I do absolutely recommend clicking out of the pretty picture of a piano in a gallery or living room and doing that, as there are tremendous, expressive controls that can make these instruments feel more realistic or more creative/experimental. I also think it makes loads of sense to turn off the aggressive Limiter, which tends to flatten the sound of the instruments too much. (I wish they’d included a ‘lock’ feature for that switch, as on dry/wet on the FX Collection.)
The re-built instrument here is absolutely worth a look. It’s the first time the Piano V for me has rivaled my other favorite, the all-modeled, not-sampled (so lighter on your hard drive) Modartt Pianoteq. Having the two together makes me fall in love with pianos all over again.
And as with some of those other instruments, you get controls for resonance, mic placement, a whole mess of different possible reverbs including Arturia’s excellent plates (but other environments, too), a compressor that I think you should use instead of that limiter switch, and more. You can also get a lot of lo-fi effects out of these pianos, as well as uniquely controllable detuning – of strings with one another, and of the whole instrument.
It’s actually the only instrument I’ve ever played that offers intuitive control from stretch tuning “the piano tuner just left the piano bench before a concert at Carnegie” to lots of detuning all the way to experimental / spaghetti western saloon / left in a building that was in a flood / whatever. And I do mean continuous – you can dial up exactly what you need really without knowing anything about tuning, or in some in-between spaces that you find intuitively.
Here’s a quick jam, with still more Efx FRAGMENTS (with CMI glitches enabled) and a subtle touch of Delay TAPE-201:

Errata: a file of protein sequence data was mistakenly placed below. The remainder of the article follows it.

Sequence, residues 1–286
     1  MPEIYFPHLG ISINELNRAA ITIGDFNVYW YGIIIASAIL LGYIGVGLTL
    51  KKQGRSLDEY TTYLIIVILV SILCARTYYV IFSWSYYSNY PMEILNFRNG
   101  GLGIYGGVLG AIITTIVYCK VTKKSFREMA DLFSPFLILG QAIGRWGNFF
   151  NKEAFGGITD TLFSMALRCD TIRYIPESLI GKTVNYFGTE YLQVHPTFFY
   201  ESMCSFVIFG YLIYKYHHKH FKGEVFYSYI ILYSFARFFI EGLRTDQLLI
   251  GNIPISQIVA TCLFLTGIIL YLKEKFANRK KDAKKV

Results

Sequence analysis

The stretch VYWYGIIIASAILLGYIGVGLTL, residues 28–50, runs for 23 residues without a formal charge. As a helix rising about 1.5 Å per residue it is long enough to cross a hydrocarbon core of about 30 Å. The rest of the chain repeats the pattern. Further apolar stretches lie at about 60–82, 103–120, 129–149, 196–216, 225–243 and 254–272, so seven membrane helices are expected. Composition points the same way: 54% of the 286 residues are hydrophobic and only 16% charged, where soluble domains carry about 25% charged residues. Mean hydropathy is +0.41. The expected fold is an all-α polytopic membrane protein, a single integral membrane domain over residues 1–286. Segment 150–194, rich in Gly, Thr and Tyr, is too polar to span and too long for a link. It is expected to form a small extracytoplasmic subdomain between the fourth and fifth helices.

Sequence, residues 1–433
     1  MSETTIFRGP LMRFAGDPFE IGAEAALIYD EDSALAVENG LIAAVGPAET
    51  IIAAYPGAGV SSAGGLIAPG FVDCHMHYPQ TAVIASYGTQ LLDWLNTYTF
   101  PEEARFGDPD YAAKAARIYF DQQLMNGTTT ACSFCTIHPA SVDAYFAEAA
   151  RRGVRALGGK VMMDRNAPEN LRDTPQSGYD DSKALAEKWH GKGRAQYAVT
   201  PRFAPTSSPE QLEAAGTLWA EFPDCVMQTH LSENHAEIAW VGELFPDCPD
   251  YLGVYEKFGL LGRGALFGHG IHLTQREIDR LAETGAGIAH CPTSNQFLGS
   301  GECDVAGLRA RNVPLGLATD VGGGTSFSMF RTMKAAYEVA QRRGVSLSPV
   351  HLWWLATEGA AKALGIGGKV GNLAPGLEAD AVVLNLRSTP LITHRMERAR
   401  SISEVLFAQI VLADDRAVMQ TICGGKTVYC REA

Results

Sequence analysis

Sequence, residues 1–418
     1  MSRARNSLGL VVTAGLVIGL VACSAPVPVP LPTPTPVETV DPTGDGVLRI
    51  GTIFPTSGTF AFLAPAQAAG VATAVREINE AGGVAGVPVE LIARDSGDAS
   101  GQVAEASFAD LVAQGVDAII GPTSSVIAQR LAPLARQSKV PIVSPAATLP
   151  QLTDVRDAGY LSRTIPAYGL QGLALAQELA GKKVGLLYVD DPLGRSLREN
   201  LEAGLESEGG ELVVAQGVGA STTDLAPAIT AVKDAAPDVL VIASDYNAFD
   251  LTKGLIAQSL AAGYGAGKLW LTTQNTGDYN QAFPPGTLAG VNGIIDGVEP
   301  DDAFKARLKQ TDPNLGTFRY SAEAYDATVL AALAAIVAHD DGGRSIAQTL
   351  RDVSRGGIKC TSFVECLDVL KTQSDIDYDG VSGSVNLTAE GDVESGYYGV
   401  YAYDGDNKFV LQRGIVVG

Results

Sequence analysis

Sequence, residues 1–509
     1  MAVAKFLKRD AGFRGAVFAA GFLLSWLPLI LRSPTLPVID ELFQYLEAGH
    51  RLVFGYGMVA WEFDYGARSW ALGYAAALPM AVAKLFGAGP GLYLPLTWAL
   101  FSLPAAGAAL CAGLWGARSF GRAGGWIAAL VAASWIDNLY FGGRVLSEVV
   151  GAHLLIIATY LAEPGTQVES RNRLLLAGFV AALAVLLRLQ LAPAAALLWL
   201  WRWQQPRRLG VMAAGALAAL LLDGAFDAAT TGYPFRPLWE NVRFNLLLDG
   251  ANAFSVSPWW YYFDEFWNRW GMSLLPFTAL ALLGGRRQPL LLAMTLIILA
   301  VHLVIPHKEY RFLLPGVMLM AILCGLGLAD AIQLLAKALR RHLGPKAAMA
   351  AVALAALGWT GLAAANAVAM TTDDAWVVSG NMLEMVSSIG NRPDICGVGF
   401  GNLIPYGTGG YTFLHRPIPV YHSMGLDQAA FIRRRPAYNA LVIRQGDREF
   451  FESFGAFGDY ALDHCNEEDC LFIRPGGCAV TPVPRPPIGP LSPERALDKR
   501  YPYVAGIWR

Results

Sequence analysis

V Collection demonstrates the value of a pay-to-own suite, instead of something like a subscription. It’s really up to Arturia to give you reason to upgrade with that model – and this year, they really delivered. For retro lovers, the MS-20 and integrated SQ-10 are an easy sell – and KORG, for their part, continue to cement their beloved brand on every platform from DS to plug-in to short-run hardware.
But more than that, I appreciate that just as Arturia evolved from software to hardware and hybrid company, they’ve made the shift from virtual recreations to original instruments – and some compelling space in between. With all the extra waveforms, the SQ80 feels like a retro-tinged Pigments of sorts, or an SQ80+ if you prefer. The Piano V engine now really has come into its own as a physical modeling instrument. Full tuning and MPE support help bring software into the 21st century and support expression and inclusive musical practices in ways we’ve long anticipated.
And the Augmented series gives a tantalizing look at what’s possible with futuristic instruments. These digital creations benefit from a lot of the detail work done on modeling vintage instruments, so what we get are new hybrids.
It feels like just how you’d outfit a dream studio in hardware – just the right combination of old and new. With a little work to play these from Arturia’s own controller hardware or, even better, your favorite MPE-capable instrument, we’re spoiled in the search for new sounds.
Some great videos here on how to navigate this stuff: